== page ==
In high school, I harbored a long-standing, elegant crush on a girl all four years. She was in my homeroom class and her locker wasn’t far from mine, and though we never hung out socially all that often, my affection for her was elegantly steadfast and unchanged by all the crazy werewolf metamorphoses usually encountered by all denizens from 9th to 12th grade.
Like most schools, the spring semester of our senior year began its ritualized disintegration of the normal social cliques, and many of us were seen fraternizing with people we’d long since considered Them versus Us. Members of the string quartet were laughing with cheerleaders, and the Debate and Lacrosse teams were exchanging advice on colleges. And in those weeks, I got to spend more time with my crush, as our friend-worlds merged and began taking weekend trips together.
In an institution as balkanized as my prep school, I wondered how we could have broken these barriers sooner, but being 17 is being 17, and acne waits for no man. It didn’t matter – we were all escaping, off to re-invent ourselves however we saw fit.
Our school didn’t follow many common American rituals, but we did have a yearbook, and the last week was spent signing missives to whom we promised to be friends 4-ever. Being dorky intellectuals, some of us spent an inordinate amount of time riffing on the ritual – I even put a giant Pollock-like art signature in the yearbook of my friend Elizabeth Burgess that took me a whole evening.
Meanwhile, my crush and I had taken to long talks after school. She was very cute, very weird, from an old Tidewater family, and would occasionally stop me in the hallway and unleash bizarre non-sequiturs (once, it was about bananas, which is how I remembered this story today). Upon graduation, she went off to her Ivy League – or horsey Southern school – or expensive Northern enclave – I can’t remember which. We’d hugged at the ceremony, and I’d watched her drive away. Not exactly sad, because that wasn’t the nature of a long-term, kindly crush, but just hoping the best for her.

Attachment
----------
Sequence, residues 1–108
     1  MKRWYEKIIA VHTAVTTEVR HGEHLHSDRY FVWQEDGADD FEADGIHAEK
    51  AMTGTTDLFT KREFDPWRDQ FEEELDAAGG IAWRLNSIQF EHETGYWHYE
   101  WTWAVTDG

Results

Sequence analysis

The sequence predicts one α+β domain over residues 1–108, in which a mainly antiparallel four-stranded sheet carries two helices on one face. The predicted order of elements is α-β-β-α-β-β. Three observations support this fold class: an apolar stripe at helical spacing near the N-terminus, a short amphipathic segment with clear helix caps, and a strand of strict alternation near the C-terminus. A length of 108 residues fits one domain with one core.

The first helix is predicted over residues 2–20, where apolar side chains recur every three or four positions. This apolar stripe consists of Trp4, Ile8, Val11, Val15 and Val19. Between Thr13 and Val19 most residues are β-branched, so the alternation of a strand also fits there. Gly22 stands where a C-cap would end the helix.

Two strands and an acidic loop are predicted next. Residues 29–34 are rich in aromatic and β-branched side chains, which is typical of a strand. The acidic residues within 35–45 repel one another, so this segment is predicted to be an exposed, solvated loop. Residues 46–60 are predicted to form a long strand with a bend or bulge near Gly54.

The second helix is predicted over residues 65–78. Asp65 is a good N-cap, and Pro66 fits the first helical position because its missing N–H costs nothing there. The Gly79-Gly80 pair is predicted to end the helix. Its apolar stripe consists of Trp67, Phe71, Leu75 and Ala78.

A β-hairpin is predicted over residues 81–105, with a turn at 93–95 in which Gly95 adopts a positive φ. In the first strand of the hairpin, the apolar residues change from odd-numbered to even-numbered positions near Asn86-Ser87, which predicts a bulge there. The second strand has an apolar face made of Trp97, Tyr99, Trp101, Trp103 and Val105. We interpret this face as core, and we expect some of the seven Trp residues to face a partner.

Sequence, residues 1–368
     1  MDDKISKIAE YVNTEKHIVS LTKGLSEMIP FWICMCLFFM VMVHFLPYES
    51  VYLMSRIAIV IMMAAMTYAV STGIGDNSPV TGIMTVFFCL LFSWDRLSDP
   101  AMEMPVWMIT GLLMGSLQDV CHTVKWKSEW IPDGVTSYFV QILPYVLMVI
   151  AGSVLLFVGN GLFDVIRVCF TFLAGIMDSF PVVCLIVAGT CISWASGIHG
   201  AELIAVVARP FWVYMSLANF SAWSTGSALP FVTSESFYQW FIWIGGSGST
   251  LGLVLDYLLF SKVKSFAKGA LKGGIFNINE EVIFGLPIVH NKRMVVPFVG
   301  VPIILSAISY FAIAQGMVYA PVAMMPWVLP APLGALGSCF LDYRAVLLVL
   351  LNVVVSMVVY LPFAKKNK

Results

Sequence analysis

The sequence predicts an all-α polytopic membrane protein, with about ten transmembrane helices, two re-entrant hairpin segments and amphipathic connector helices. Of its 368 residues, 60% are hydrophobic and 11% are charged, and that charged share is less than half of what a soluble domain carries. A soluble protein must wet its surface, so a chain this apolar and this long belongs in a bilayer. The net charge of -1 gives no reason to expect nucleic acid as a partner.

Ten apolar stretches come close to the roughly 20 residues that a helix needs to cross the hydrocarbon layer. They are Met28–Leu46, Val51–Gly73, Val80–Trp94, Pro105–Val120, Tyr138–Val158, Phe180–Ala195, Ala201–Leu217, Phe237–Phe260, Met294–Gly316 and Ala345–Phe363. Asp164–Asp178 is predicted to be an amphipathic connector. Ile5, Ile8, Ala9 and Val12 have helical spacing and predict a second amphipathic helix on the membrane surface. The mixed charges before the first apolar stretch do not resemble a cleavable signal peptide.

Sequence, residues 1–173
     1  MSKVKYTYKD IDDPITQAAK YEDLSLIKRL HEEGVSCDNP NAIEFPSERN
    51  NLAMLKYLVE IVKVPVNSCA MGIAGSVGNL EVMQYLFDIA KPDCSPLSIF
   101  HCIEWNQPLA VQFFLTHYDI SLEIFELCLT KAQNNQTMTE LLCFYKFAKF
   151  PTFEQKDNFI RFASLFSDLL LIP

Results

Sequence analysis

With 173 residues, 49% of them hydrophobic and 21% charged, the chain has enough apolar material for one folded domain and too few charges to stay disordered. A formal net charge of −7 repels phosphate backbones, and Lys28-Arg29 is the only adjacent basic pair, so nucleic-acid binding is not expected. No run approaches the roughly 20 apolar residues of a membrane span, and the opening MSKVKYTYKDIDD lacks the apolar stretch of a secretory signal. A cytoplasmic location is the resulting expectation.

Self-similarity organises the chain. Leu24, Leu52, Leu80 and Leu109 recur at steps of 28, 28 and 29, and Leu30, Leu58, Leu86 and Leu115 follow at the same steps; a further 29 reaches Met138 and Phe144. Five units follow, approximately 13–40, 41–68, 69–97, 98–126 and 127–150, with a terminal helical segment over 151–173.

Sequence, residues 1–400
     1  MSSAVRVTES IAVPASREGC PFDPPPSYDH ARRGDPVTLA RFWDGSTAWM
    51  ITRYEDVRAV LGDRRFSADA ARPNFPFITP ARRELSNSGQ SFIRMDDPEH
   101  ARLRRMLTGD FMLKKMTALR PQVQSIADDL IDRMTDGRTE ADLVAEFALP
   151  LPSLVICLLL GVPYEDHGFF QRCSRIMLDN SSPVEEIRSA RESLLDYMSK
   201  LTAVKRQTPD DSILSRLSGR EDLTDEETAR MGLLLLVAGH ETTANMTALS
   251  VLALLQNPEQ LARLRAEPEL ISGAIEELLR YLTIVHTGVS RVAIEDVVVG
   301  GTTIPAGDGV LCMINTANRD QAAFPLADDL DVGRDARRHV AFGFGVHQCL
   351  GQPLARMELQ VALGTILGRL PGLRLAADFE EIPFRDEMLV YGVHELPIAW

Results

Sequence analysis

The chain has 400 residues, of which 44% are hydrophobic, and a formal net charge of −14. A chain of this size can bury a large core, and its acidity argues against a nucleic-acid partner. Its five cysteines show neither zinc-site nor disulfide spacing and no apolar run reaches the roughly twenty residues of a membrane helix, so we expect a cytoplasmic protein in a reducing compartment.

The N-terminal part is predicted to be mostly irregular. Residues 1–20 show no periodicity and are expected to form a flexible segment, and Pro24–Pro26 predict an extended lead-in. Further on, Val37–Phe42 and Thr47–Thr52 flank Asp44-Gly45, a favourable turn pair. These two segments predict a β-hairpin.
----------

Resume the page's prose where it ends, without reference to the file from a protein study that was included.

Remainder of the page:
We haven’t spoken since. She got married relatively early (compared to my commitment-adverse peer group) and of course, years later, I did too. Not long ago, I was going through boxes in our barn, and I found my yearbook from that final year, replete with all the signatures of folks that shaped my early thought processes. And written with green magic marker, I read the nice paragraphs left to me by my crush.
I leafed through more pages and suddenly saw something I’d never seen before, in the twenty years I’d owned the book. Many pages away from the ghetto of signatures, there was another page in the index, with writing I’d never noticed. In the same green magic marker, there were the words “I……LOVE…….YOU.”
I put myself back into my old self, my white, pasty seventeen-year-old body with glasses and a tie, and think she couldn’t have meant it for me. I didn’t think myself a part of that world, a part of the pool of people who kissed those they longed for. I had my crushes, steady and languid, but accepted my place as farmer rather than hunter. Normal relationships, dating, kissing – those were all for other people.
But if the words were for me? I would have died a million deaths and been reborn a million bright suns. As it was, I was to go a long, long time, well into college, for my first kiss. If my crush had only said something, especially in the crumbling republic of the dying cliques, the difference it would have made. A message sat undisturbed in that yearbook for decades, but it only reminded me of how close I felt to disappearing entirely. You might dream of your lady in waiting, but when you hide yourself so well, you run the risk of never being found.